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How the Defense System is Supposed to Work

As envisioned since 1996, the U.S. National Missile Defense effort consists of three main elements: infrared early-warning satellites, ground-based radars to precisely track warheads and decoys from thousands of kilometers away, and multistage, rocket-powered homing interceptor missiles launched from underground silos. The most critical element of this defense is the roughly 1.5-meter-long “exoatmospheric kill vehicle” that the homing interceptor deploys after being launched to high speed by its rocket stages. After deployment, the kill vehicle has about a minute to identify the warheads in a cloud of decoys as it closes on the targets at high speeds. To that end, it carries its own infrared telescope and has small rocket motors that enable it to home in on its prey. The kill vehicle does not carry a warhead. Rather, it is designed to destroy its quarry by force of impact.

When an enemy missile is launched, it typically takes 30 to 60 seconds to reach altitudes where the infrared early-warning satellites can detect the hot exhaust from its engines. These satellites orbit at an altitude of 40,000 kilometers and can be kept over the same point on the earth’s surface. Once two or more detect the rocket, they can crudely track it in three dimensions by stereo-viewing. However, the satellites can only see the hot exhaust from the rocket’s engines, so their tracking ends abruptly when the engines shut down-an event that typically happens in space at between 200 and 300 kilometers in altitude.

Roughly three minutes after engine shutdown, the rocket’s upper stage and the just released warhead and decoys rise above the horizon, where they can be tracked by radar. The radar systems originally planned for this task operate on a very short wavelength (three centimeters at a frequency of 10 gigahertz), which allows them to identify objects to an accuracy of 10 to 15 centimeters from many thousands of kilometers away. This makes it possible to observe distinct reflections from different surfaces-even the seams on an object as it tumbles through space. The spacing and intensity of these signals, and the way their echoes vary as the orientation of a target object changes, can in some circumstances be used to determine which object is a warhead and which a decoy. If all goes well, this information will be used to deploy one or more interceptors within about 10 minutes of an attack’s being launched. The interceptors will fly to the defense, destroying their targets about 18 minutes after launch (see “Space-based vs. boost-phase defense”).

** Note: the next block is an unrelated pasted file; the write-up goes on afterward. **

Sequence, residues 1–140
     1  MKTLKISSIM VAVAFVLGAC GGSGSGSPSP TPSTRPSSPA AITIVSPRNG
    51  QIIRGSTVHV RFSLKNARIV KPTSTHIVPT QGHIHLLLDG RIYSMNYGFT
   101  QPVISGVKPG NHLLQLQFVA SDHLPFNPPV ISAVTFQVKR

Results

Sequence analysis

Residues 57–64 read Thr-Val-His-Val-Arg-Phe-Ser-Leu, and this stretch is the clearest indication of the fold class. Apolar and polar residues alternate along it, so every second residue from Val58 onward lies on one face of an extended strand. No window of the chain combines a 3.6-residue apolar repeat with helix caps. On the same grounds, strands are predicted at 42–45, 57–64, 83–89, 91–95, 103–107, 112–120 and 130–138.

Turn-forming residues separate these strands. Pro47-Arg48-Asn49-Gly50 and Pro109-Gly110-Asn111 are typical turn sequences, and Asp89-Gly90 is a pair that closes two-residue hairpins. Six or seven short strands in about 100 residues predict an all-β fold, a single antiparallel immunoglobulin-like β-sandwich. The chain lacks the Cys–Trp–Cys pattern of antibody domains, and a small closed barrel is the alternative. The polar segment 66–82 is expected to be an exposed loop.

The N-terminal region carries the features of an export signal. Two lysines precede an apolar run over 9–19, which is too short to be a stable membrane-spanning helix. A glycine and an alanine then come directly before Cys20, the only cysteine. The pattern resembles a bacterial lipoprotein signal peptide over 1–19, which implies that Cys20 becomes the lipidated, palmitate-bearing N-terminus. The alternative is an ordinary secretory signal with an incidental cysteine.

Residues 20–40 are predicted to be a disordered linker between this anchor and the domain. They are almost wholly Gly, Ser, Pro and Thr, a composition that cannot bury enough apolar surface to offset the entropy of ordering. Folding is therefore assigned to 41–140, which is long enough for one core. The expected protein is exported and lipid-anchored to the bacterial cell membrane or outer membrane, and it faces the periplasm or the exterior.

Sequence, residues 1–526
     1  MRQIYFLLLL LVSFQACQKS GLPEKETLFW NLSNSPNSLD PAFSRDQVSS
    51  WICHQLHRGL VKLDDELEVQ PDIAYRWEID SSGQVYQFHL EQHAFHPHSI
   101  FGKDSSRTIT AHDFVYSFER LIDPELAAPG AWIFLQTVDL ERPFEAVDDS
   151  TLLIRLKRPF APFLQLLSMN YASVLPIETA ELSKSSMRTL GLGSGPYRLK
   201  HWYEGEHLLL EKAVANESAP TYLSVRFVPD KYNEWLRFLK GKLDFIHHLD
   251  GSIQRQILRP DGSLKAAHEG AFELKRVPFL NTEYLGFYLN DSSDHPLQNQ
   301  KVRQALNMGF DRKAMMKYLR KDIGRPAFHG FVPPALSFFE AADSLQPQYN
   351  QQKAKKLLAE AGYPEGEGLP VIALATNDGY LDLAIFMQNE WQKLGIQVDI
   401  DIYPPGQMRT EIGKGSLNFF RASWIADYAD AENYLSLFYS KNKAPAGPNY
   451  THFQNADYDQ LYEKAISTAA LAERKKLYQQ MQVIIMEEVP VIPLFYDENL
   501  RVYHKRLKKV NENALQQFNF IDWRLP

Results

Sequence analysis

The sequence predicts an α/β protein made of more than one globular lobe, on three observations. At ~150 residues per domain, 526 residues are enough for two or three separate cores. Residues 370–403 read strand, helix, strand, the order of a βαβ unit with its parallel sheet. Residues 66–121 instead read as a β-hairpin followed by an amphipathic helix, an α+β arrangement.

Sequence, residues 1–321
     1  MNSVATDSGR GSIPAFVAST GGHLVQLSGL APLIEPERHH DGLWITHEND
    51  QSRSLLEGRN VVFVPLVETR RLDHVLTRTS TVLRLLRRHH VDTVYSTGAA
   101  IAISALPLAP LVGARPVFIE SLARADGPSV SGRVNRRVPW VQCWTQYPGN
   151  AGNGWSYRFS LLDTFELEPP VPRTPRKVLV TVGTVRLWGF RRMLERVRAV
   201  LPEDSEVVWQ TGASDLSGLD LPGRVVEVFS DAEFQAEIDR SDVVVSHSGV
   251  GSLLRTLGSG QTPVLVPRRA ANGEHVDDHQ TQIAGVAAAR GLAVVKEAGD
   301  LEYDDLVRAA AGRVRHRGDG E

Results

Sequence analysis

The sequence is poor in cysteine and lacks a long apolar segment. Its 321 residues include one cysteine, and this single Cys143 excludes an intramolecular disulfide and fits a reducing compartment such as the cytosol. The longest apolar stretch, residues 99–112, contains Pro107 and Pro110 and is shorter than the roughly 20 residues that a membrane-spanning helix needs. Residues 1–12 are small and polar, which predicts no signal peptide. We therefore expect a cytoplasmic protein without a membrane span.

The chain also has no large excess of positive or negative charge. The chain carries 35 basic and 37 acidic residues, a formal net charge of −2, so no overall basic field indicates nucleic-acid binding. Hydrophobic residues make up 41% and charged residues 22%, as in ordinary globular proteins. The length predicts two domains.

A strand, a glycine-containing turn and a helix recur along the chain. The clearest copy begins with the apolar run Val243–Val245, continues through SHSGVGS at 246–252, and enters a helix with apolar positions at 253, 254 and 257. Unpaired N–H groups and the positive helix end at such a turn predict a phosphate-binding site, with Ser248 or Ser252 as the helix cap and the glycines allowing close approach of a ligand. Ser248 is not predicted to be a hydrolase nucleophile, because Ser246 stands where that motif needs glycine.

The kill vehicle: the heart of national missile defense
The Raytheon-built exoatmospheric kill vehicle used to hunt warheads is carried into space by a Boeing rocket and launched toward the threat. Infrared sensors distinguish warheads from decoys through characteristic fluctuations in brightness. Small rocket motors enable the kill vehicle to maneuver to destroy its target by force of impact. (Illustration by John MacNeill)

That, at any rate, is how the system was initially supposed to work. President Bush’s latest proposal does not include this high-resolution radar, making tracking and identification of enemy missiles harder and delaying the interception time. But even with the more advanced original system, big problems surround the scenario. For starters, an adversary could alter the reflections from decoys and warheads by covering surfaces and seams with wires, metal foil or radar-absorbing materials. These simple strategies would render the radar unable to reliably sort out warheads from their armadas of decoys.

Compounding this problem is a simple fact: in the near vacuum of space, a feather and a rock move at the same speed, since there is no air drag to cause the lighter object to slow up relative to its heavier companion. This basic vulnerability makes it even easier for an adversary to devise decoys that will look like warheads to radar or an infrared telescope observing them from long range.

What’s more, an adversary would likely deploy decoys and warheads close together and in multiple clusters. Under these conditions, even if the radar could initially identify a warhead among all the decoys, it couldn’t track it accurately enough to predict the relative locations of the different objects when the kill vehicle encountered them some eight minutes later. Consequently, the kill vehicle must be able to identify warheads and decoys without help from satellites, ground radars or other sensors. If it cannot perform this task, the defense cannot work. This is where the infrared telescope comes in-and it was really this critical part of the system that the June 1997 test was all about.

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